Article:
Monday, July 16, 2012

Book Review: Redshirts

I've slacked way off on my blog reading, so I missed when John Scalzi came out with "Redshirts" (They were expendable... until they started comparing notes). Luckily the bookstore that held the first signing for the Team Cul De Sac book had "Redshirts" on display.

Somewhere in the world there's an episode of Star Trek airing 24 hours a day. Everyone should know what I'm talking about when I mention redshirts. They're the people who have no role other than being someone who dies on an away mission. This is so well established that during the recent Star Trek movie everyone in the theater had a good laugh when a guy in a red shirt was assigned to the team assigned to take out the super weapon. Sure enough, that guy got himself flung into the energy beam.

In "Redshirts" there's a universe very much like the Star Trek universe. A space ship crewed primarily with humans explores beyond the outer reaches of a collection of star systems that work together. Only these red shirts have noticed a pattern. If you go on a mission with the bridge crew there's a pretty good chance that you'll die.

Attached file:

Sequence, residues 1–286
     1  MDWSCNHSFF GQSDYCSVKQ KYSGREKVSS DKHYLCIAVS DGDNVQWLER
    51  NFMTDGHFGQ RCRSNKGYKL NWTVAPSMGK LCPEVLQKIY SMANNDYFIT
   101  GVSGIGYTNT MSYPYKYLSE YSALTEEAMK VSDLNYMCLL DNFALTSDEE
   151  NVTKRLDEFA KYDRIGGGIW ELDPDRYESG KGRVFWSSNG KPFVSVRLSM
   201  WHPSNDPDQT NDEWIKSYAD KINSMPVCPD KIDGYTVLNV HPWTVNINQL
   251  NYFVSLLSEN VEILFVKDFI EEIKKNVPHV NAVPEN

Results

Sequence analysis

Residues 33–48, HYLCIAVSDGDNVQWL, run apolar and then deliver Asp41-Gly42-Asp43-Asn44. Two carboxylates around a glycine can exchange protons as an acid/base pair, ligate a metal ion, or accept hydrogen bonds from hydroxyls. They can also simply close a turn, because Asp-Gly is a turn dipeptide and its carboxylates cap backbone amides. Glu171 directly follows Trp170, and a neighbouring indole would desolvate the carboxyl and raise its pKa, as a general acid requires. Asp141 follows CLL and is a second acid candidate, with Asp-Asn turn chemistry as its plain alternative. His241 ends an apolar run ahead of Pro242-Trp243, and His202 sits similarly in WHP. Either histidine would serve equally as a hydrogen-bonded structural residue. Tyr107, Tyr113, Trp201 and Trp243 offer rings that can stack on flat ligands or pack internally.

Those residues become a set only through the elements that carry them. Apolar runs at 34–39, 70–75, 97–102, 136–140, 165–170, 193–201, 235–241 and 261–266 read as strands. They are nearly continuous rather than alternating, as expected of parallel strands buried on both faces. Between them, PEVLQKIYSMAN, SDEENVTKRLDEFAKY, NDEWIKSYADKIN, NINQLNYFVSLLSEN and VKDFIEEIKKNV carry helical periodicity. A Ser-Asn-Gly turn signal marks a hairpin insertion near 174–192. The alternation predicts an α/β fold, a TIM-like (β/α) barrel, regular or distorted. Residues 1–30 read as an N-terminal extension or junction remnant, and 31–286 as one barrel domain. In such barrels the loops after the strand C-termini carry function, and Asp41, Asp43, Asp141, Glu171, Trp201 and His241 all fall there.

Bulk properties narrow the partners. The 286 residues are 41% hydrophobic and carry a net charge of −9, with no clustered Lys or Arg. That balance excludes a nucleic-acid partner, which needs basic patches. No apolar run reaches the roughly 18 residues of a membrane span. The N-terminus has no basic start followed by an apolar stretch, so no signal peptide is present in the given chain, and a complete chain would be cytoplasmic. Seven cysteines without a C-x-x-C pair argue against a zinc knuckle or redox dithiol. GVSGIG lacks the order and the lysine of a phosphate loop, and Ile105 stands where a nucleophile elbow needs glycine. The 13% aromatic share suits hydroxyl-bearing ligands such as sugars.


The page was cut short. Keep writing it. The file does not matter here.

The book didn't go the way I expected. Peter David has a book called "Sir Apropos of Nothing" about a guy in a medeval setting who refuses to be the secondary character in his own life. Screw letting his best friend, the prince, take the lead. He's gonna steal the horse, ride the dragon, and save the princess on his own. This was what I was expecting.

What really happened is that someone figured out that they were characters in bad Star Trek knock off. The writers of the show were somehow controlling their lives hundreds of years in the future. To save their own lives they have to go back in time and make them better writers. And they have to kidnap a senior crew member to take with them just to make sure the narrative doesn't make their shuttle explode.

It's a fun and easy read. I finished the main story reading it before bed two nights in a row. But the story ends with something like 80 pages left. There are 3 codas at the end. They tell about 3 people in 2010 who the crew encountered and changed their lives.

As usual with Scalzi's books, I highly recommend it. Get yourself a copy. Buy a few for friends. Or, you can get the audio version read by Wil "Wesley Crusher" Wheaton.

Scalzi had Jonathan Coulton write a song for the book. Someone else put this video together. The song is called "Redshirts".

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